Channel your inner minimalist

While minimalism can seem like a very extreme lifestyle to those who enjoy owning a lot of things, the sentiment can be beneficial for anyone. The goal of a minimalist is to only own items that truly bring value into your life. Instead of collecting clutter, your purchases should be meaningful and involve a good amount of thought.

This is also a great concept for those who naturally tend to overspend because it helps you become more of a conscious consumer. Once you identify the purchases that truly bring you joy in life, giving yourself permission to make those purchases is actually a way of aligning your actions with your values.

It's also important to avoid playing the comparison game. While some people may think an Equinox membership is completely outrageous, that gym environment may be extremely important for your self-care. On the other hand, forgoing a specialty coffee each morning might be easy for you, even though it's the highlight of someone else's day. Ultimately, choosing to avoid purchases that aren't that important to you — while prioritizing those that bring value to your life — will help you find the perfect balance. If you're having trouble, there are ways to save money with low effort, such as the cash method.

Don't be afraid to set boundaries

Feeling guilty about previous financial purchases can actually prevent you from making progress toward your bigger monetary goals. While money can be an anxiety-inducing topic for many people, harboring those negative emotions limits your progress in this area.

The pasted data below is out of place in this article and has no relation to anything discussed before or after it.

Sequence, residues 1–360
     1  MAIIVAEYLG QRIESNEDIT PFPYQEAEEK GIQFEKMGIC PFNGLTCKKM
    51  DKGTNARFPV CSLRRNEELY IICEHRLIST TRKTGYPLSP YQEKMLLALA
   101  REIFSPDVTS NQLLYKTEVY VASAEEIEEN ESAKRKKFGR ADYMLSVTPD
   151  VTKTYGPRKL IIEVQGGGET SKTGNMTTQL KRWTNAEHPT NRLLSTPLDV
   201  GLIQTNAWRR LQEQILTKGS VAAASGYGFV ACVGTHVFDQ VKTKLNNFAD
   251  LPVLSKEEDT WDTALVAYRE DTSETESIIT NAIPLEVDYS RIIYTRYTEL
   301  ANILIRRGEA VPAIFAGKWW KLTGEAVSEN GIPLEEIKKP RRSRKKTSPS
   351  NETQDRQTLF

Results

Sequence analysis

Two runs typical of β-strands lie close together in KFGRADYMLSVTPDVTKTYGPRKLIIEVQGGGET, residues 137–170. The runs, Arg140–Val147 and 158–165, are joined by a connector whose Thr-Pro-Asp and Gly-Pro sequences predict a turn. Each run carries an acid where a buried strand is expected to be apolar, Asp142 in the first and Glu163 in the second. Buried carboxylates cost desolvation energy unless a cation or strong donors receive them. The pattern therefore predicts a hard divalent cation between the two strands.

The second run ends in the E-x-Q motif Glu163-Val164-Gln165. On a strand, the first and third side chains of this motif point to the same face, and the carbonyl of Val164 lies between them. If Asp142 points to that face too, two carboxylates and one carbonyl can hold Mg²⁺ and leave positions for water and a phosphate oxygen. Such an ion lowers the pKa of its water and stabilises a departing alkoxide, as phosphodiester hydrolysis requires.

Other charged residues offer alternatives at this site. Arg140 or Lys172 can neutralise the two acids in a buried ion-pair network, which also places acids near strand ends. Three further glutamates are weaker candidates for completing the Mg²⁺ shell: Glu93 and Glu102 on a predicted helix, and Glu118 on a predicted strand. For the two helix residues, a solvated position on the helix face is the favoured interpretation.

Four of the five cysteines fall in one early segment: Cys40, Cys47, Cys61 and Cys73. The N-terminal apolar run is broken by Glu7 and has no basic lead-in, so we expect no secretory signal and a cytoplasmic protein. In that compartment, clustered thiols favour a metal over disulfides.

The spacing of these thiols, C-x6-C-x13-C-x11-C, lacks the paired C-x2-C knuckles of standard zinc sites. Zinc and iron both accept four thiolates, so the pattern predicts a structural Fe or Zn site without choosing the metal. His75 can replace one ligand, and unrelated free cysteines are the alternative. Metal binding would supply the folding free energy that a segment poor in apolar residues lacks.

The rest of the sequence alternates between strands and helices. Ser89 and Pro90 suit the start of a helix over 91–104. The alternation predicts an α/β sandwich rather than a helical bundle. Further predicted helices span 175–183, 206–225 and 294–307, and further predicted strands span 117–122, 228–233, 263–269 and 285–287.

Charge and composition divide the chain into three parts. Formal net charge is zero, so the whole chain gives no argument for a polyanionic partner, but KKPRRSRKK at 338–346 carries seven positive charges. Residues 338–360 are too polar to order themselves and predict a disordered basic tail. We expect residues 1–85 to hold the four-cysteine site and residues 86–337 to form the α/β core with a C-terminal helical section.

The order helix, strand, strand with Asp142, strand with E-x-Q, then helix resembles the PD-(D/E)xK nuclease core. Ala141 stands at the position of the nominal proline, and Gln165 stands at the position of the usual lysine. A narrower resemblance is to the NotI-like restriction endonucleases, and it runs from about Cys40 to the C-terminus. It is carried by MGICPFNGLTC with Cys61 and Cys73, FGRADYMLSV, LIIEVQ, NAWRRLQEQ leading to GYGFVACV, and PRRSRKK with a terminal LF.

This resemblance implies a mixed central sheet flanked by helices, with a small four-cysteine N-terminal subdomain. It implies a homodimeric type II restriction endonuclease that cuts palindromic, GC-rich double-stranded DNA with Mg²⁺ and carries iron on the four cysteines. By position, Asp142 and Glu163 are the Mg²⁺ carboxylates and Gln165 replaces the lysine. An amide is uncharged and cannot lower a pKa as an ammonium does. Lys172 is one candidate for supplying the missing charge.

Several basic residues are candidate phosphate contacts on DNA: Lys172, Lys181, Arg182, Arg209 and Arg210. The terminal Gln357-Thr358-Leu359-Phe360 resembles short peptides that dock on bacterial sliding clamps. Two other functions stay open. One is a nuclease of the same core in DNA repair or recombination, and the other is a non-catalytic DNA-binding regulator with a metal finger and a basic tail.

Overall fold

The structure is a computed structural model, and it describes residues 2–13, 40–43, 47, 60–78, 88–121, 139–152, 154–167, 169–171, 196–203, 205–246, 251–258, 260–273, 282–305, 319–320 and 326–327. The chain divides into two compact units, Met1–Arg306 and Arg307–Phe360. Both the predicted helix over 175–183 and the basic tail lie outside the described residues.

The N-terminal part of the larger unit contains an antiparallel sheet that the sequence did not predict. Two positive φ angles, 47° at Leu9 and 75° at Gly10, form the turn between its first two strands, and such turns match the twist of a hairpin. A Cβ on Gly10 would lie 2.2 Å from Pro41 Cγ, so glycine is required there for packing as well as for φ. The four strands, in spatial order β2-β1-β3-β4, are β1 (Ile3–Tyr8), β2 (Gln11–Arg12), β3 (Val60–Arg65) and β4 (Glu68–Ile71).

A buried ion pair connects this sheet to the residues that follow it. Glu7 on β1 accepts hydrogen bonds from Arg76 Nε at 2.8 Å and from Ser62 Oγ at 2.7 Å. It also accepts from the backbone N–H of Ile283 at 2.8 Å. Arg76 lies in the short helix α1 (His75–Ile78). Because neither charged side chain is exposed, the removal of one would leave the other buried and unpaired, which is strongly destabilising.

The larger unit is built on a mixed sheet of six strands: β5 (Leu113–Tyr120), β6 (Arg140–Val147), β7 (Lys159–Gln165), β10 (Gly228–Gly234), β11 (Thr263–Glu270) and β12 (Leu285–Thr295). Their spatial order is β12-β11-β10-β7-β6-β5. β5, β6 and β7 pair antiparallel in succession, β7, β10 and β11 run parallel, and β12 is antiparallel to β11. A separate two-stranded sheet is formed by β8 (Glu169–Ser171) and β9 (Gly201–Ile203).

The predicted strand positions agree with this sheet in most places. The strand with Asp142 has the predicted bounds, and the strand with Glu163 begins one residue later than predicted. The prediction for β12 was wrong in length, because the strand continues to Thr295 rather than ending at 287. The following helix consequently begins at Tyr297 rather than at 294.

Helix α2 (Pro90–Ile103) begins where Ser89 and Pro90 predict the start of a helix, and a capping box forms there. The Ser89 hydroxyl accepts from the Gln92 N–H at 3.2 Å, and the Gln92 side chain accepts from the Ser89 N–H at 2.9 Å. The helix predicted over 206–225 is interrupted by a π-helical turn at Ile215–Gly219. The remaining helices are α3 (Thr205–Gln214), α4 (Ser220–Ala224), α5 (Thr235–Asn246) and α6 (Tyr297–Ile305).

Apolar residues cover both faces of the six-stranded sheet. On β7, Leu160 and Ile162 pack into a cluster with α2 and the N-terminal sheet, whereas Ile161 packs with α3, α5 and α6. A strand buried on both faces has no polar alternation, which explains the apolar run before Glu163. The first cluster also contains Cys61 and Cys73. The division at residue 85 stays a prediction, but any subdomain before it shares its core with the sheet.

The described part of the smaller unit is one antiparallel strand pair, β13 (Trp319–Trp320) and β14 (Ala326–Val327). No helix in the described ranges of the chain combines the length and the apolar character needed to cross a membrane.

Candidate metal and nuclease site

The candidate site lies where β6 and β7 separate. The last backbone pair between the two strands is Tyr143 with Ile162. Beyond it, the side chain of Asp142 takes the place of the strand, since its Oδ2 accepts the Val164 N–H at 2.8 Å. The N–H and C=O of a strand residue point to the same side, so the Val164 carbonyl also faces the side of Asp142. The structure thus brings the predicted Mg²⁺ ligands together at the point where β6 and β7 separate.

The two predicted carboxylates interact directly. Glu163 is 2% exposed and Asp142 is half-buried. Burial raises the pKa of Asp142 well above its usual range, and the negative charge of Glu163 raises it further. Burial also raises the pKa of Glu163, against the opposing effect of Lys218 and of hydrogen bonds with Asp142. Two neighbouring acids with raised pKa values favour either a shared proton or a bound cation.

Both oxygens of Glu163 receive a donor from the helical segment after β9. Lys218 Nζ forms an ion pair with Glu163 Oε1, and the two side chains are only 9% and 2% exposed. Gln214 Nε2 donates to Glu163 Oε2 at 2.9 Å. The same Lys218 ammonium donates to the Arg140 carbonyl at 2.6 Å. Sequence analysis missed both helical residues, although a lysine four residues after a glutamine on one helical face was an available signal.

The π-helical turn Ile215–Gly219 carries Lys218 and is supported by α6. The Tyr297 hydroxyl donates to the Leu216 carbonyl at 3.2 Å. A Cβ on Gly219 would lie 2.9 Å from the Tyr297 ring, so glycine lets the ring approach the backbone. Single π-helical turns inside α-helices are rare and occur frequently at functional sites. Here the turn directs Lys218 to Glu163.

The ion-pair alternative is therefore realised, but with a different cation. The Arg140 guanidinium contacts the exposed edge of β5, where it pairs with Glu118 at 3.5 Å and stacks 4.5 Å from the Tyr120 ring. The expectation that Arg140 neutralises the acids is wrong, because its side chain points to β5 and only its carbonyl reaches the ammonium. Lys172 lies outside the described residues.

Interestingly, financial guilt may be something that is learned over time through family, friends, or even the media. The way you view money is largely determined by how it influenced your life as a child. If you grew up with a scarcity mindset, where money was always a source of stress within your family, it can be emotionally taxing to make large purchases as a financially independent adult. On the other hand, it can also be really hard to set spending boundaries with friends who may not understand the financial position you're in. If you are constantly being pressured to spend money on activities you know you can't afford, it will inevitably lead to financial regrets.

Therefore, it might be time to have an honest conversation with those around you about how you want your future to look. Those who truly support you should care about your financial endeavors and will likely admire your discipline. Plus, having a positive mindset and remembering why you are setting these boundaries will help you stick to the decisions that are right for you.